Editor’s note: This story originally ran at 9.47am on 19 January under the headline “Every single Tory MP refused to vote on free school meals”. It was based on incorrect figures provided on the Parliament website, which initially stated all 363 eligible Conservative MPs abstained. This article has since been amended to reflect the fact it was 362 Conservative MPs who abstained, with one – Anne Marie Morris – voting for the motion.
All but one Conservative MP refused to take part in a vote calling for high quality free school meals to be guaranteed.
The vote happened late on Monday night and was organised by Sir Keir Starmer’s Labour Party.
It meant 362 Conservative MPs eligible to take part did not register a vote on the motion, which also called for good access to remote education.
Only one Conservative – Newton Abbot MP Anne Marie Morris – took part as she voted for it.
Labour’s motion passed by 273 votes to 0. As a non-binding opposition day vote, however, it won’t become government policy – though it remains a symbolic indication of the division that exists over the issue.
Why was the vote called?
Provision of free school meals while schools are shut, famously highlighted by the popular campaigning of Manchester United and England footballer Marcus Rashford, has been an emotive topic throughout the pandemic.
The issue resurfaced last week after images showing poor quality food parcels, issued as part of England’s latest lockdown, were widely shared on social media and highlighted by Rashford.
Rashford was soon on the phone to Johnson, with the PM promising to “correct” the “unacceptable” food packages.
The row prompted Labour on Monday to use one of its 20 allotted opposition days to raise the issue in the Commons and seek a guarantee that “those eligible should be guaranteed to receive the full value of free school meals for the duration of the school year, including during all holidays”.
What did the government say?
Downing Street said it already has policies in place “supporting families to feed their children during both term-time and holidays”.
The government ordered its MPs to abstain on the vote, with Johnson’s press secretary, Allegra Stratton, accusing Labour of “pulling a political stunt”.
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Stratton said earlier on Monday: “It is them making families up and down the country concerned they will not be able to get the food they might need during the February half-term, when that is not true.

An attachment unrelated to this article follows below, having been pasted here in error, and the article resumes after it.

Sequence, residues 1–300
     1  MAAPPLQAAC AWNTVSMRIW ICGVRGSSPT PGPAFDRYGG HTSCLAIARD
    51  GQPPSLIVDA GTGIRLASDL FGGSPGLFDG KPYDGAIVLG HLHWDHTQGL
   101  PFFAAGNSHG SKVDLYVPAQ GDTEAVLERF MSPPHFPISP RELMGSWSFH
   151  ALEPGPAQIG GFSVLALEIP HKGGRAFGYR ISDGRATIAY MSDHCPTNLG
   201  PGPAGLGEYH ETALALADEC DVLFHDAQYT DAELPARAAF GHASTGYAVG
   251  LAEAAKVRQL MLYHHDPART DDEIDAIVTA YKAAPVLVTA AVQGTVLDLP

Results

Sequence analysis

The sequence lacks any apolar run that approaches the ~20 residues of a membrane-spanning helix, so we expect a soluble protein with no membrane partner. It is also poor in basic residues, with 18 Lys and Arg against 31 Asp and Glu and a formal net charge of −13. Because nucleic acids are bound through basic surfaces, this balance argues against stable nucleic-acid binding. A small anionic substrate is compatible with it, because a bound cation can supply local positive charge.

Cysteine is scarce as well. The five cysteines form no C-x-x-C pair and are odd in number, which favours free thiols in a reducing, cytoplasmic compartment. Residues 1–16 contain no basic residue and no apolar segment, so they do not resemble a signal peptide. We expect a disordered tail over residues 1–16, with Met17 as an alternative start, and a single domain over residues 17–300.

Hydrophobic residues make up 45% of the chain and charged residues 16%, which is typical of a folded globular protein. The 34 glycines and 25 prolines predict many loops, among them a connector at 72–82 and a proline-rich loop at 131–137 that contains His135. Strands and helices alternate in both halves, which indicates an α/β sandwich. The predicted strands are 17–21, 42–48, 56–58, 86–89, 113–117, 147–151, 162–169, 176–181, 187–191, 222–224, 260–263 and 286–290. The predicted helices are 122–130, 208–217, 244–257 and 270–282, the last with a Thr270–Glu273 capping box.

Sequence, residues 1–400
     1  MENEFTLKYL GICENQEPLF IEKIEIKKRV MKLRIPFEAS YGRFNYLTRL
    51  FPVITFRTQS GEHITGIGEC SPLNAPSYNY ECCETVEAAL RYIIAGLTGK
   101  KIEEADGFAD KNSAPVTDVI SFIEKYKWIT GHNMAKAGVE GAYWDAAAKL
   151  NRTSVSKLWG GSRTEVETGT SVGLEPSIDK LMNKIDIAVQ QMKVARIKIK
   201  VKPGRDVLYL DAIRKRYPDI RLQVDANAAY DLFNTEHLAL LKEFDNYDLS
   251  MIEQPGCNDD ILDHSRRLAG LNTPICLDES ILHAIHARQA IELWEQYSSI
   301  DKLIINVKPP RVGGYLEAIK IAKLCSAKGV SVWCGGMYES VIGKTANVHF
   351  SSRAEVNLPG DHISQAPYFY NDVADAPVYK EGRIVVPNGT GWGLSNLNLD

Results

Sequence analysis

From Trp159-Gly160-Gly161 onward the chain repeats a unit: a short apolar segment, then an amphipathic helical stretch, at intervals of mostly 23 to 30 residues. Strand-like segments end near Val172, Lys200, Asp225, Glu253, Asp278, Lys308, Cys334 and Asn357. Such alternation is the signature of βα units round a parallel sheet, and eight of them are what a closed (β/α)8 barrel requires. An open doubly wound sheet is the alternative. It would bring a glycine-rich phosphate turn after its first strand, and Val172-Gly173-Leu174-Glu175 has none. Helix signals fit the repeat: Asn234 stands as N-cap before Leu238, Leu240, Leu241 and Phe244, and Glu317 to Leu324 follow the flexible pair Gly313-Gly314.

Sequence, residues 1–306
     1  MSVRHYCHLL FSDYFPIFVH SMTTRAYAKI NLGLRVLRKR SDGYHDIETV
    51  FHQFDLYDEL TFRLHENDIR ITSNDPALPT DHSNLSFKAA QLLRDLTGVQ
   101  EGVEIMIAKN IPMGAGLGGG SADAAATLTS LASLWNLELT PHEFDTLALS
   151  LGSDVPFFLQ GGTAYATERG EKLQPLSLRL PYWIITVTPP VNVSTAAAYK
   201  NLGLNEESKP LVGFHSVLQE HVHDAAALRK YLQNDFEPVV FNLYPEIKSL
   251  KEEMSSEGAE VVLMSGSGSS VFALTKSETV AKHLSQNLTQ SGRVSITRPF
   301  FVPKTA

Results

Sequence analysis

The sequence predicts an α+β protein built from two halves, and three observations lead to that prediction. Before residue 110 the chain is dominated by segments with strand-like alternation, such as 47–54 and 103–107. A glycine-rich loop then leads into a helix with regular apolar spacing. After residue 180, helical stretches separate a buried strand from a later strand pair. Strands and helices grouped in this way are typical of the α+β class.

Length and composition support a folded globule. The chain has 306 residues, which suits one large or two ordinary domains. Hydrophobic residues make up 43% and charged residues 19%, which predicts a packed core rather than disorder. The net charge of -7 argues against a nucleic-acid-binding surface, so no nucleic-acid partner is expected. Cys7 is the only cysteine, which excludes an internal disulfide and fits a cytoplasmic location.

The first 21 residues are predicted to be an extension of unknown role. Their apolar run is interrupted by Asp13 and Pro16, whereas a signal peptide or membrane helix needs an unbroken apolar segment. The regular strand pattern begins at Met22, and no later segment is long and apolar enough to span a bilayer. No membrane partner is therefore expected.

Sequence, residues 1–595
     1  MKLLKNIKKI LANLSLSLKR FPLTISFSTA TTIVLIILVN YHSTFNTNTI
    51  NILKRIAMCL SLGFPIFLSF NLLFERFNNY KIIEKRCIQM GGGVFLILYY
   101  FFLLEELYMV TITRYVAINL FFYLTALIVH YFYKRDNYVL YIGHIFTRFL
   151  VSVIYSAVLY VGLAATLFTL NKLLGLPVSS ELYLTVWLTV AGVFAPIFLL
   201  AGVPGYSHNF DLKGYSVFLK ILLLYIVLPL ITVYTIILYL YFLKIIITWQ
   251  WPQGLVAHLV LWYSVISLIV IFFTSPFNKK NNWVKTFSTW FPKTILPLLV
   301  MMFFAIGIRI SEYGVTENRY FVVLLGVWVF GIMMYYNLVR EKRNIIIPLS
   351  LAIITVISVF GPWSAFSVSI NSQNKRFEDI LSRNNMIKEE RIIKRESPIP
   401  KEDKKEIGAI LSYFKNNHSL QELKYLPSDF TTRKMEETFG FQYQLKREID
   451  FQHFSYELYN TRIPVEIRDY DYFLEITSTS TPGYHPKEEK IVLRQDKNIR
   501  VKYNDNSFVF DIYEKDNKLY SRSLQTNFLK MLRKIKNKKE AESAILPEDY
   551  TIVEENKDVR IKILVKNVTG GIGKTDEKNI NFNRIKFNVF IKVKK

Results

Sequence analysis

“Labour is pulling a political stunt because they know that children who could go hungry during the February half-term will not go hungry because of the policy that is in place.”
What was said during the debate?
Shadow education secretary Kate Green, leading for Labour, told education secretary Gavin Williamson to “put your trust in mums and dads” by giving them £15 a week to pay for lunches while schools are closed.
“I have a simple solution for the secretary of state to this problem of holiday hunger,” she said, “one that could solve the problem at the touch of a button. Sack the companies who are providing the substandard service and just give parents the money.
“Secure family incomes by using the existing social security infrastructure, put £15 a week into the bank accounts of the parents who need it to feed their children, put your trust in mums and dads because we know that parents will do the right thing.”
Williamson rejected this, saying: “I want to stress that the overwhelming majority of schools have been successfully providing exceptionally high quality free school meal support to their pupils.
“However, pictures of food parcels which were circulated last week were simply not acceptable.
“I have met along with the minister for children [Vicky Ford] those who are supplying these parcels and I have left them in no doubt that we expect high quality food and supplies in those parcels that they deliver.”
Among backbenchers, Labour’s Emma Lewell-Buck said she was “dismayed but not surprised that yet again we’re having to put pressure on this government to do the right thing by hungry children in the middle of a pandemic”.
Conservative backbencher Tom Hunt, on the other hand, said he would not support Labour’s motion because “I’m focused on results and action, not virtue signalling”.
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